As a contract laborer, what are my options to recieve payment for work that I have performed?

Get Legal Help Today

 Secured with SHA-256 Encryption

As a contract laborer, what are my options to recieve payment for work that I have performed?

I have been working as a contract labor for 5 years. Recently, about 3 weeks ago, the woman I have been working for started having personal problems. Because of this, she kept promising to do payroll, but hasn’t As of this time, its been 3 weeks and I still have not received the money I am owed. One of the complications is that, I live in OK and she lives in NC. The original agreement between us that she would pay me on a weekly basis. I found out she has used the money due to me, for her own personal finances, and now can’t afford to pay me what is due.

Asked on July 20, 2011 Oklahoma

Answers:

SJZ, Member, New York Bar / FreeAdvice Contributing Attorney

Answered 10 years ago | Contributor

If you were an employee, you would have two options: to go to the Deptartment of Labor, and see if they will take the case and take action on your behalf; or to go to a private lawyer and bring a lawsuit. If you an independent contractor, however, then the Department of Labor is not an option, and your only way to collect the money is to sue. Depending on how much is owed to you, it may not be economically worthwhile to do so--it may be the case that you could spend more on the lawsuit than you would receive, even if  you win. Also, if the employer is having significant cash problems or goes out of business, it may be that even if you win, that you cannot be paid. It is very difficult to go after someone on a cost effective basis for either a few weeks' wages or wages when the company is having significant financial problems.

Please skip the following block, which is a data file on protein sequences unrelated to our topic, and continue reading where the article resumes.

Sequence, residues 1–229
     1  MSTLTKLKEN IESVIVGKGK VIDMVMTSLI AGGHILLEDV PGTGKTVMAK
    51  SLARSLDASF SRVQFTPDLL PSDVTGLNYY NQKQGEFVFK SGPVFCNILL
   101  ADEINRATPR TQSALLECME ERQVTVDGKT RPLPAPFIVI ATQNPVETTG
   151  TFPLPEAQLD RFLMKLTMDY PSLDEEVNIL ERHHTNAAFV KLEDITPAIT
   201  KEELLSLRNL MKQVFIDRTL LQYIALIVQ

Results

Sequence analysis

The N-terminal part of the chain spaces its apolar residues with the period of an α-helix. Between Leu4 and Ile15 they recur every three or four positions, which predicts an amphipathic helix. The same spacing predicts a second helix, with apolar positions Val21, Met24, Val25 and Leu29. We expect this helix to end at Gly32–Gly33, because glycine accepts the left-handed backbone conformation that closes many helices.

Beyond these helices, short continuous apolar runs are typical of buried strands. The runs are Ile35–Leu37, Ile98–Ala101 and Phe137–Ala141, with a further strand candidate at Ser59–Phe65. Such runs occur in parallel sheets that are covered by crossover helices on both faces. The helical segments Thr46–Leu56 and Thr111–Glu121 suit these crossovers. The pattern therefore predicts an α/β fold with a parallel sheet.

IMPORTANT NOTICE: The Answer(s) provided above are for general information only. The attorney providing the answer was not serving as the attorney for the person submitting the question or in any attorney-client relationship with such person. Laws may vary from state to state, and sometimes change. Tiny variations in the facts, or a fact not set forth in a question, often can change a legal outcome or an attorney's conclusion. Although AttorneyPages.com has verified the attorney was admitted to practice law in at least one jurisdiction, he or she may not be authorized to practice law in the jurisdiction referred to in the question, nor is he or she necessarily experienced in the area of the law involved. Unlike the information in the Answer(s) above, upon which you should NOT rely, for personal advice you can rely upon we suggest you retain an attorney to represent you.

Get Legal Help Today

Find the right lawyer for your legal issue.

 Secured with SHA-256 Encryption